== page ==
One of the most disturbing uses of the Internet is revenge porn — harassing or seeking to extort payment from someone by threatening to release intimate images of the victim online. Nebraska fortunately has caught up to other states by putting two new laws on the books.
The new statutes, approved by the Legislature and Gov. Pete Ricketts, criminalize such online abuse and allow lawsuits against those who commit such offenses. The laws are well crafted, thanks to careful deliberative work in the just-concluded legislative session by the sponsoring state senators and the Judiciary Committee.
These are welcome laws that greatly serve the public interest. They make clear the range of applicable circumstances and penalties for this offense. Local prosecutors, judges and school administrators should find the new statutes particularly helpful, since they clear up major gaps in Nebraska law on the subject.
Legislative Bill 630 by State Sen. Adam Morfeld of Lincoln creates the offense of distributing a private image of another person’s intimate area or sexual conduct. A first offense would be a Class I misdemeanor, punishable by up to one year in prison, a $1,000 fine or both. Those convicted of second and subsequent offenses will be guilty of Class IV felonies. Such offenders face up to two years in prison with 12 months post-release supervision, a $10,000 fine or both.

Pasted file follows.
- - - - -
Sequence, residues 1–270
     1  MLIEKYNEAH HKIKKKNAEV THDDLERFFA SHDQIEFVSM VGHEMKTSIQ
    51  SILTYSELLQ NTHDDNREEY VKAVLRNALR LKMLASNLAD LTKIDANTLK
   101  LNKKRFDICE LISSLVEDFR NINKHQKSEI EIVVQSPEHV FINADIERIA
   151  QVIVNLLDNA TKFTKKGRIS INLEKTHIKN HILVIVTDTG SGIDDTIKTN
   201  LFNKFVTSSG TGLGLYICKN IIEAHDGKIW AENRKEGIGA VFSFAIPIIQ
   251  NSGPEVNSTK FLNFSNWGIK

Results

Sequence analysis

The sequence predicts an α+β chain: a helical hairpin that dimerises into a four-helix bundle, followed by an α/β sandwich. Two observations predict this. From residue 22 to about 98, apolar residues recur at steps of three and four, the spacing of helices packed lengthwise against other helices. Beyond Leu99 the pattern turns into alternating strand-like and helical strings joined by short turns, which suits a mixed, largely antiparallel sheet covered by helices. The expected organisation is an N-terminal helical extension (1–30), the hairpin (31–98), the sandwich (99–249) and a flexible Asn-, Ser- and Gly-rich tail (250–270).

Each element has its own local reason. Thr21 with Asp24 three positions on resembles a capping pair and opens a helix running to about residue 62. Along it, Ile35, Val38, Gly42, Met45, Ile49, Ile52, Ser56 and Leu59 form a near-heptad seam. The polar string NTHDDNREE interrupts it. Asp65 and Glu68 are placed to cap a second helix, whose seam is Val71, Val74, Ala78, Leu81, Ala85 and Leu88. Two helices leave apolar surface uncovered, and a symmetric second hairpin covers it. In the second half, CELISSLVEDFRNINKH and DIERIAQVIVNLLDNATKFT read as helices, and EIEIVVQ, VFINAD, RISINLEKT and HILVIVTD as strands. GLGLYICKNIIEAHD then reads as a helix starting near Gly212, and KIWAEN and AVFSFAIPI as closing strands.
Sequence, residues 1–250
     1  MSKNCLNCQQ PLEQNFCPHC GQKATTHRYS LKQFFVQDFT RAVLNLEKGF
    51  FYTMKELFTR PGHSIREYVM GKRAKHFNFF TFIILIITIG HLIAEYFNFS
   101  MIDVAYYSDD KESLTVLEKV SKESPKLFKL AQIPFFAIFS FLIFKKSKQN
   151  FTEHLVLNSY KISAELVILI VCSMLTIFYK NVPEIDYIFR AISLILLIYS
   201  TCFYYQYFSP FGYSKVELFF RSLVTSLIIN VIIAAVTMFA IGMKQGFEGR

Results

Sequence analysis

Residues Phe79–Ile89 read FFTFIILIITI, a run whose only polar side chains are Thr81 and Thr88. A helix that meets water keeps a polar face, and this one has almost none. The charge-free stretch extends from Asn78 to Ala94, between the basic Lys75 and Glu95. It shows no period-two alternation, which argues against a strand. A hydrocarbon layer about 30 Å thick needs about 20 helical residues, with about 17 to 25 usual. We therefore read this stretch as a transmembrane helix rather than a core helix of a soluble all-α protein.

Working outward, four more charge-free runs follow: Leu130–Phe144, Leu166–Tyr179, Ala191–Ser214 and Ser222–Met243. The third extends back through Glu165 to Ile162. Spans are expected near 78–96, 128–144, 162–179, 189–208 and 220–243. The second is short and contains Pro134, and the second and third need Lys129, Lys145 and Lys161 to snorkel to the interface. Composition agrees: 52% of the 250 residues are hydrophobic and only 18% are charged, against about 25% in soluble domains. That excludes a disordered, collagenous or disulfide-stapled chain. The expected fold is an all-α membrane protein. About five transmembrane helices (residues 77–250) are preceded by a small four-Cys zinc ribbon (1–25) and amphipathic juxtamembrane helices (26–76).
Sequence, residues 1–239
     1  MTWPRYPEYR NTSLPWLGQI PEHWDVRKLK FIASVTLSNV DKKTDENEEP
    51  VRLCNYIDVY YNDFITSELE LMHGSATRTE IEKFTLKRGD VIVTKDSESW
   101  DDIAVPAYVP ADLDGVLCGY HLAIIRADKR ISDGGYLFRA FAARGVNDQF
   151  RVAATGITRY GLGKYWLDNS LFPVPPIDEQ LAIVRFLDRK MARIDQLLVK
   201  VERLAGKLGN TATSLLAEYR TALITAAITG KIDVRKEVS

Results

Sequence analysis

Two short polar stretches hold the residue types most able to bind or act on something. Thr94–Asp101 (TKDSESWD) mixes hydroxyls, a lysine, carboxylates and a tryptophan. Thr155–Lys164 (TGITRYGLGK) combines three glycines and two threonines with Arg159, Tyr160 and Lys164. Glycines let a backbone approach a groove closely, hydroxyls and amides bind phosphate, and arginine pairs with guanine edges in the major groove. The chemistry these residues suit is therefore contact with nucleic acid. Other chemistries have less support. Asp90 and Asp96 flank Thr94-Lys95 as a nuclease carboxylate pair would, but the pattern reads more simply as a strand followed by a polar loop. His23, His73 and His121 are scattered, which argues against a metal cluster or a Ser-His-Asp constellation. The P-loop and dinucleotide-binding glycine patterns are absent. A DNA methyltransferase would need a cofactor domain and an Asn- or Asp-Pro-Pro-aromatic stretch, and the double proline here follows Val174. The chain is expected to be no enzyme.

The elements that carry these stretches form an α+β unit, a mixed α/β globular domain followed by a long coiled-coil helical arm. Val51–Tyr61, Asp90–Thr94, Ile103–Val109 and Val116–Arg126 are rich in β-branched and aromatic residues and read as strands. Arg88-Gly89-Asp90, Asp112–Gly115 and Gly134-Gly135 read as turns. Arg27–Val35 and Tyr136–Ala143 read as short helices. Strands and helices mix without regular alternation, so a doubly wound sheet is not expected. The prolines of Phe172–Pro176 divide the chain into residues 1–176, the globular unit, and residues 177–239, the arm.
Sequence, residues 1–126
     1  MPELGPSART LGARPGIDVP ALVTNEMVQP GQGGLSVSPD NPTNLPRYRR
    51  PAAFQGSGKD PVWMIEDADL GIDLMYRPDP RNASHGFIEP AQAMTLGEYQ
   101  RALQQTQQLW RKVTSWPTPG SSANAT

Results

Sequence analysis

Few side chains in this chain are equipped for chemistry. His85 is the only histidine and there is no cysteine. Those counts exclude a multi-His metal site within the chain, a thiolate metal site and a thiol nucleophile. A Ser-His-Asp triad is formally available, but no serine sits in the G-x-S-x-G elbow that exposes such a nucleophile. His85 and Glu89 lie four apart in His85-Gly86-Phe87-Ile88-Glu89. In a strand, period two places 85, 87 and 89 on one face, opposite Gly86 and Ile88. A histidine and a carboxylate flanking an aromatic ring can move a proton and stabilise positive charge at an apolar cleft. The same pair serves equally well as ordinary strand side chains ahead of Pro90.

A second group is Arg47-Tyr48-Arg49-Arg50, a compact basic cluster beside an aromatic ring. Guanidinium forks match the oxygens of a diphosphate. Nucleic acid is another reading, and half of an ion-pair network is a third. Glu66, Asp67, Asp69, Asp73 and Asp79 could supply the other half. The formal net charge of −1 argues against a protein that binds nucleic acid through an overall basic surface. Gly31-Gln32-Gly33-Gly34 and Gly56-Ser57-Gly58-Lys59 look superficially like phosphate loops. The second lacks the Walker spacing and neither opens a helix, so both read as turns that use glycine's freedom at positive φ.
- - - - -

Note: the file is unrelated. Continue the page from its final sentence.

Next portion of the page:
Morfeld’s bill also creates the offense of threatening to distribute intimate images with the intent to intimidate, threaten or harass a person, a Class I misdemeanor. The new law provides an affirmative defense for juveniles who distribute an image knowingly and voluntarily provided by another juvenile who is within four years of age of the defendant.
A victim of such exploitation can seek damages under another new law, Legislative Bill 680 by State Sen. Wendy DeBoer of Bennington. If the actual damages cannot be determined, the court can award reasonable presumed damages, not to exceed $10,000, against each defendant.
Lawmakers have done fine work in placing these measures in state law. Nebraska is right to put offenders on notice for this appalling action, empowering prosecutors to see that justice is rendered.